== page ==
It goes without saying that the rollout of Obamacare was an epic disaster. But what kind of disaster was it? Was it a failure of management, messing up the initial implementation of a fundamentally sound policy? Or was it a demonstration that the Affordable Care Act is inherently unworkable?
We know what each side of the partisan divide wants you to believe. The Obama administration is telling the public that everything will eventually be fixed, while urging congressional Democrats to keep their nerve. Republicans, on the other hand, are declaring the program an irredeemable failure, which must be scrapped and replaced with … well, they don’t really want to replace it with anything.
At a time like this, you really want a controlled experiment. What would happen if we unveiled a program that looked like Obamacare, in a place that looked like America, but with competent project management that produced a working website?
Well, your wish is granted. Ladies and gentlemen, I give you California.
Now, California isn’t the only place where Obamacare is looking pretty good. A number of states that are running their own online health exchanges instead of relying on HealthCare.gov are doing well. Kentucky’s Kynect is a huge success; so is Access Health CT in Connecticut. New York is doing OK. And we shouldn’t forget that Massachusetts has had an Obamacare-like program since 2006, put into effect by a guy named Mitt Romney.
California is, however, an especially useful test case. First of all, it’s huge: If a system can work for 38 million people, it can work for America as a whole. Also, it’s hard to argue that California has had any special advantages other than that of having a government that actually wants to help the uninsured.
When Massachusetts put Romneycare into effect, it already had a relatively low number of uninsured residents. California, however, came into health reform with 22 percent of its nonelderly population uninsured, compared with a national average of 18 percent.
Finally, the California authorities have been especially forthcoming with data tracking the progress of enrollment. And the numbers are increasingly encouraging.
For one thing, enrollment is surging. At this point, more than 10,000 applications are being completed per day, putting the state well on track to meet its overall targets for 2014 coverage. Just imagine, by the way, how different press coverage would be right now if Obama officials had produced a comparable success, and around 100,000 people a day were signing up nationwide.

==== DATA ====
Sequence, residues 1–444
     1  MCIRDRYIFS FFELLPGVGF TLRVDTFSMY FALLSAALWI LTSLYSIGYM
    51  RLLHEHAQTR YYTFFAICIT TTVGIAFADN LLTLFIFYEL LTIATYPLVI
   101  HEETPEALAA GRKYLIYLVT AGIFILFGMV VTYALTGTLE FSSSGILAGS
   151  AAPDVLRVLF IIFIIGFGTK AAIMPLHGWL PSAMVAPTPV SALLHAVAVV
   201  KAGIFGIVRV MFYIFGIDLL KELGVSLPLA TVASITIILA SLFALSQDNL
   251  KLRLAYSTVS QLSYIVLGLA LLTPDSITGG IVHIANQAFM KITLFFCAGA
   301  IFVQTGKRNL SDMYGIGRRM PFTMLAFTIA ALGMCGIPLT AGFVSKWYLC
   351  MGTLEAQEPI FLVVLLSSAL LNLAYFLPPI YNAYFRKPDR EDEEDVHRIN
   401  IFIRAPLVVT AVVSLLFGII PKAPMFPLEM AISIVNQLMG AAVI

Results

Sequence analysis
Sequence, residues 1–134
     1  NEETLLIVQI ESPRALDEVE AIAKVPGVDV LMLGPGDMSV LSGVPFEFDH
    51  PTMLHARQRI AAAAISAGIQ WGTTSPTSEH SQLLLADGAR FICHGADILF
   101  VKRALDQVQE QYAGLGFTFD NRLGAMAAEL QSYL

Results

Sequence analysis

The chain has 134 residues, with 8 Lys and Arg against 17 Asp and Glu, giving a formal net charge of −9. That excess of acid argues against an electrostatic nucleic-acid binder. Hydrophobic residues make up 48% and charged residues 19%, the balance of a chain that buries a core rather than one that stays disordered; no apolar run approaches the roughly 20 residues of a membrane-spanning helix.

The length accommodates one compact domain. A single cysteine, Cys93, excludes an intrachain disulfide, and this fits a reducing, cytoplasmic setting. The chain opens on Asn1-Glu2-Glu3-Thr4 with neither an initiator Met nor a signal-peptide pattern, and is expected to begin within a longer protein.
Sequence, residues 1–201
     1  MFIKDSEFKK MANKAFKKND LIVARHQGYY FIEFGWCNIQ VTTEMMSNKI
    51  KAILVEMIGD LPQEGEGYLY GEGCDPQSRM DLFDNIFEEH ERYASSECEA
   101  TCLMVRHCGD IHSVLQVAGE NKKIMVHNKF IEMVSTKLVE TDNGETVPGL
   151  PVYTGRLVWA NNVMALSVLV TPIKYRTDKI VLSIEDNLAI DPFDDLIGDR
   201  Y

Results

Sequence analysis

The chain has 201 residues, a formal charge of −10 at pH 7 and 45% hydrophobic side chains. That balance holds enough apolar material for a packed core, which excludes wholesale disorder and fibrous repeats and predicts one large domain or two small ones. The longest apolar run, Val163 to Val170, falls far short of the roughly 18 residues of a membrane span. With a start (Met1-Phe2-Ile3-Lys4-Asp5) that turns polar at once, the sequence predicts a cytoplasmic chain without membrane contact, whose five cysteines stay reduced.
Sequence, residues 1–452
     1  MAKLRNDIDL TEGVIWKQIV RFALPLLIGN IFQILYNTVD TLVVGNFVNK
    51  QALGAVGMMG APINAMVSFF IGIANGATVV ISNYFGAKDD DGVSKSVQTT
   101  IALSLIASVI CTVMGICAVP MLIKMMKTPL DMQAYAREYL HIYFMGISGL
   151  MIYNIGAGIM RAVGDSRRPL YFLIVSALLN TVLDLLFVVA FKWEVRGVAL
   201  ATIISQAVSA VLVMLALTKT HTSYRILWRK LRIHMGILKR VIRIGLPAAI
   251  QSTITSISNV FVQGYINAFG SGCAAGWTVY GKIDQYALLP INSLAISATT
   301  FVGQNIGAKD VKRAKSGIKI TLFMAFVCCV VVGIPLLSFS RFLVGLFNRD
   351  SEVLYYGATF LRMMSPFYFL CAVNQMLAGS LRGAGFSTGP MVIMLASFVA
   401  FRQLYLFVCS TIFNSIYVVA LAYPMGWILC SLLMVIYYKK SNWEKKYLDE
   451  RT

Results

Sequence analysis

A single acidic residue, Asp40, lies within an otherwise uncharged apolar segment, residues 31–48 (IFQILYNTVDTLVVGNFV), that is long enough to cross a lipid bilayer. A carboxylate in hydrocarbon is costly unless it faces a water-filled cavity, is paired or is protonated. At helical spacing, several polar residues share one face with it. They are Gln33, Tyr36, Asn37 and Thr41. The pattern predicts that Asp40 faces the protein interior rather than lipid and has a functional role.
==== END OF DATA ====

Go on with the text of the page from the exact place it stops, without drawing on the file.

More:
Equally important is the information on who is enrolling. To work as planned, health reform has to produce a balanced risk pool — that is, it must sign up young, healthy Americans as well as their older, less healthy compatriots. And so far, so good: In October, 22.5 percent of California enrollees were between the ages of 18 and 34, slightly above that group’s share of the population.
What we have in California, then, is a proof of concept. Yes, Obamacare is workable — in fact, done right, it works just fine.
The bad news, of course, is that most Americans aren’t lucky enough to live in states in which Obamacare has, in fact, been done right. They’re stuck either with HealthCare.gov or with one of the state exchanges, like Oregon’s, that have similar or worse problems. Will they ever get to experience successful health reform?
The answer is, probably yes. There won’t be a moment when the clouds suddenly lift, but the exchanges are gradually getting better — a point inadvertently illustrated a few days ago by John Boehner, the speaker of the House. Mr. Boehner staged a publicity stunt in which he tried to sign up on the D.C. health exchange, then triumphantly posted an entry on his blog declaring that he had been unsuccessful. At the bottom of his post, however, is a postscript admitting that the health exchange had called back “a few hours later,” and that he is now enrolled.
And maybe the transaction would have proceeded faster if Mr. Boehner’s office hadn’t, according to the D.C. exchange, put its agent — who was calling to help finish the enrollment — on hold for 35 minutes, listening to “lots of patriotic hold music.”
There also will probably be growing use of workarounds — for example, encouraging people to go directly to insurers. This will temporarily defeat one of the purposes of the exchanges, which was to make price comparisons easy, but it will be good enough as a short-term patch. And one shouldn’t forget that the insurance industry has a big financial stake in the success of Obamacare, and will soon be pitching in with big efforts to sign people up.
Again, Obamacare’s rollout was a disaster. But in California we can see what health reform will look like, beyond the glitches. And it’s going to work.
Paul Krugman is a syndicated columnist for The New York Times.